Estate of Wilson (1986)

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[No. A030471. Court of Appeals of California, First Appellate District, Division Five. July 2, 1986.]

Estate of MILBURN WARREN WILSON, Deceased. RUTH WILSON, Petitioner and Respondent, v. BILLY W. BOWENS et al., Objectors and Appellants.

(Opinion by King, J., with Low, P. J., and Haning, J., concurring.)


Gregory Wilcox, Deborah Lynn Holmes and Roberts & Stokes for Objectors and Appellants.

Suzanne E. Good and Galinsky & Good for Petitioner and Respondent.



In this case we hold that when a spouse deposits community property funds in a bank account in his name as trustee for a third person, upon that spouse's death only one-half of the community property in the [183 Cal. App. 3d 69] account is transmitted to the third person. The other one-half, being the surviving spouse's share of community property, goes to the survivor even though he or she is already receiving more than one-half of the total community property of the parties.

Billy W. Bowens, a son of the decedent, and Mildred Tolliver, mother of two minor children of decedent, appeal from an order which awarded Ruth Wilson (Wilson) half the funds in three separate "Totten trusts" fn. 1 created by Milburn Warren Wilson (decedent) in favor of three of his children. Bowens and Tolliver contend Wilson is not entitled to any part of the disputed trust accounts because decedent had the right to make a testamentary disposition of one-half of the entire community property taken as a whole, rather than merely one-half of each community property asset. fn. 2 We affirm the judgment.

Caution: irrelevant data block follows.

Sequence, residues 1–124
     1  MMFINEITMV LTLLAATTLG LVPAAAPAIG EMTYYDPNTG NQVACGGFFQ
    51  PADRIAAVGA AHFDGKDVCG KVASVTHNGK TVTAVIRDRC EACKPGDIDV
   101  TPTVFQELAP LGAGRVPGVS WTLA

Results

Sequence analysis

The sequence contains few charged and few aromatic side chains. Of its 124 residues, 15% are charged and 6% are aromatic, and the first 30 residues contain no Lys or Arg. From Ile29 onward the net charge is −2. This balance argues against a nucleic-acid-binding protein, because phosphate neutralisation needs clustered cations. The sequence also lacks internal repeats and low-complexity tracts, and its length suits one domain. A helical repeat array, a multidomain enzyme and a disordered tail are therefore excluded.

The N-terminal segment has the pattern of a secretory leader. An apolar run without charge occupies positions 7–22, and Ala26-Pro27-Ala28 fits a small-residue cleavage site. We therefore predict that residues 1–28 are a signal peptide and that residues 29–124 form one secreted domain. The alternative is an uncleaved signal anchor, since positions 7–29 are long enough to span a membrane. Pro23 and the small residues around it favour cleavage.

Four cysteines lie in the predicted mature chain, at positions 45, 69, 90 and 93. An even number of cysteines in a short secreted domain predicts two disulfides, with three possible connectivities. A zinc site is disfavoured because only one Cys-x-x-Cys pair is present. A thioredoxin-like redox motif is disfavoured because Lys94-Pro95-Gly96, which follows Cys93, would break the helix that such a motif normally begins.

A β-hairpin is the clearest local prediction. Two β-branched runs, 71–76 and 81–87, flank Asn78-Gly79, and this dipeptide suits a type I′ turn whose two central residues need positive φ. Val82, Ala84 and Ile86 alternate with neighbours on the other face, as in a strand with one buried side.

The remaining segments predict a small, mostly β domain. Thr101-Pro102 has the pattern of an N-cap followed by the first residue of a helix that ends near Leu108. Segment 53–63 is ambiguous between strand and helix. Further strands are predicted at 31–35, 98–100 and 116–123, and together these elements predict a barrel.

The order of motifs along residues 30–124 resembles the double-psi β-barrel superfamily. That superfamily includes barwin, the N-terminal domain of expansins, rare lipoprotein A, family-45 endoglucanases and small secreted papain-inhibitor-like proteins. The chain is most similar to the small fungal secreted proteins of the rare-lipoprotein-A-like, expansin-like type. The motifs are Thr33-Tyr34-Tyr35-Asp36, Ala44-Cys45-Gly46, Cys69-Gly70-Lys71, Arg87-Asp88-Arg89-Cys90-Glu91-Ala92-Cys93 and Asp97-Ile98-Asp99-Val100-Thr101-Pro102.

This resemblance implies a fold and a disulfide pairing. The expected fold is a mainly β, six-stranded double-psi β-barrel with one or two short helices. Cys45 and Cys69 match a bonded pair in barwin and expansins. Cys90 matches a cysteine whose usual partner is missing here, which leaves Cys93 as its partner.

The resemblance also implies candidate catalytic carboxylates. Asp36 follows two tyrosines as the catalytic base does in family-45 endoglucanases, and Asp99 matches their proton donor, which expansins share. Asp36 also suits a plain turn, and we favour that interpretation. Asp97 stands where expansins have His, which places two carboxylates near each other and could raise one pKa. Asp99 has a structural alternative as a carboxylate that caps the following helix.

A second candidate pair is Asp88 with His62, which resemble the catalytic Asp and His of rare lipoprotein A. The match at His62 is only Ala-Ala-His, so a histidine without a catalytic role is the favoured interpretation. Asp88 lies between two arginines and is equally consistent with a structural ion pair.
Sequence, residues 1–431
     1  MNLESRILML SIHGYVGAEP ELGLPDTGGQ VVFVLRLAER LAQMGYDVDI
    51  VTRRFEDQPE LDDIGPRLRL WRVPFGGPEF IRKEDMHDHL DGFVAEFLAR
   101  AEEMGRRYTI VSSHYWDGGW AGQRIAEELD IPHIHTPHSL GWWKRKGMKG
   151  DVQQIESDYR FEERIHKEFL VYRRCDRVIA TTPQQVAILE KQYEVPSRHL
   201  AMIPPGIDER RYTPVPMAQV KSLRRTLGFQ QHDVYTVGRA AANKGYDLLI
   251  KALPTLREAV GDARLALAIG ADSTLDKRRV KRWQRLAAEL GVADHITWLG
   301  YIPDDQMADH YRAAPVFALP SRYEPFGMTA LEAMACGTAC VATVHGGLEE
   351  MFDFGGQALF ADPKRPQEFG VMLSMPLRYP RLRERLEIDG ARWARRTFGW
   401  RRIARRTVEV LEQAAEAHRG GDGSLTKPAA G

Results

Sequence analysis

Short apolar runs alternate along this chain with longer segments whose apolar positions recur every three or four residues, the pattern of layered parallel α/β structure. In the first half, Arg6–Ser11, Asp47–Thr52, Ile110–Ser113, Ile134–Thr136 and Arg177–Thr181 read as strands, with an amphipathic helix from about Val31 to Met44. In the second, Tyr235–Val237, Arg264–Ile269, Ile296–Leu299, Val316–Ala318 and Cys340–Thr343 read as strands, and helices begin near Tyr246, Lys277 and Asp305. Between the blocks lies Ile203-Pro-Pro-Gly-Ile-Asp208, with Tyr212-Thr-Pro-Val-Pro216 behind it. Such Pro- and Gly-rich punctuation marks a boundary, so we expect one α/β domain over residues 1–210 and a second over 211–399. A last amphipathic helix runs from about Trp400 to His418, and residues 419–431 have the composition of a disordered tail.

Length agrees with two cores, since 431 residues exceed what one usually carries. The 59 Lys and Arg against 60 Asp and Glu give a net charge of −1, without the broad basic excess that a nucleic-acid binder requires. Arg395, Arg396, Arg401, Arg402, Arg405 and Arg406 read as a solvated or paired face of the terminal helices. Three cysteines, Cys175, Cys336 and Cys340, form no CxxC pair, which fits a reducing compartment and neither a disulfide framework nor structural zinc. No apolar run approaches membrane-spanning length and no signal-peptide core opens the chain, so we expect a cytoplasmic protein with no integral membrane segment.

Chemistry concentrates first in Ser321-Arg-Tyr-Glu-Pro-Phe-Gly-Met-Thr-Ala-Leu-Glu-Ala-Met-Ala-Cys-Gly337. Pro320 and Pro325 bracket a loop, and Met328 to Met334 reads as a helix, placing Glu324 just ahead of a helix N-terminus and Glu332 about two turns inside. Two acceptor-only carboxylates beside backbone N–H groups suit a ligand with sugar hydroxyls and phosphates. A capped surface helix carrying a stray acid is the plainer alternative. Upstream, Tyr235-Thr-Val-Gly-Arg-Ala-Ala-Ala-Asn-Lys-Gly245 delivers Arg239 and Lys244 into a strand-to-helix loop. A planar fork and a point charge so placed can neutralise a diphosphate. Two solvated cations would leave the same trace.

Decedent died intestate on June 12, 1983, leaving a surviving spouse, Wilson, and nine children. Decedent opened ten Totten trust bank accounts for his children and four bank trust accounts for his wife prior to his death. At his death the children's accounts totalled approximately $131,500 and Wilson's accounts totalled approximately $38,500. Wilson claims she had no knowledge of these accounts prior to decedent's death. She first discovered the trust accounts when she opened his safety deposit box and found the bank books.

Wilson filed a community property petition under Probate Code section 650 fn. 3 claiming all of decedent's community property as her own, including [183 Cal. App. 3d 70] the children's trust accounts. Bowens and Tolliver objected to the requested distribution of any of the money in the children's accounts because it constituted less than half of the total value of the Wilsons' community property.

The trial court awarded Wilson all community property land, vehicles and household furnishings. In addition, the court awarded her 100 percent of all the trust accounts not subject to dispute and 50 percent of the three accounts held by decedent as trustee for the children.

[1a] Bowens and Tolliver argue former section 201 fn. 4 required the court to deny Wilson's request for one-half of each of the trust accounts because the statute specifically allowed decedent to dispose of his one-half of the community property at his death. Section 201 stated prior to its repeal: "Upon the death of either husband or wife, one-half of the community property belongs to the surviving spouse; the other half is subject to the testamentary disposition of the decedent, and in the absence thereof goes to the surviving spouse, subject to the provisions of sections 202 and 203 of this code."

Contrary to the assertion of Bowens and Tolliver, the statutory language of section 201 does not clearly indicate the meaning of "community property" in this context. The phrase "one-half of the community property" is, on its face, capable of meaning either one-half of the "total value" of all community property or one-half of "each item" of community property.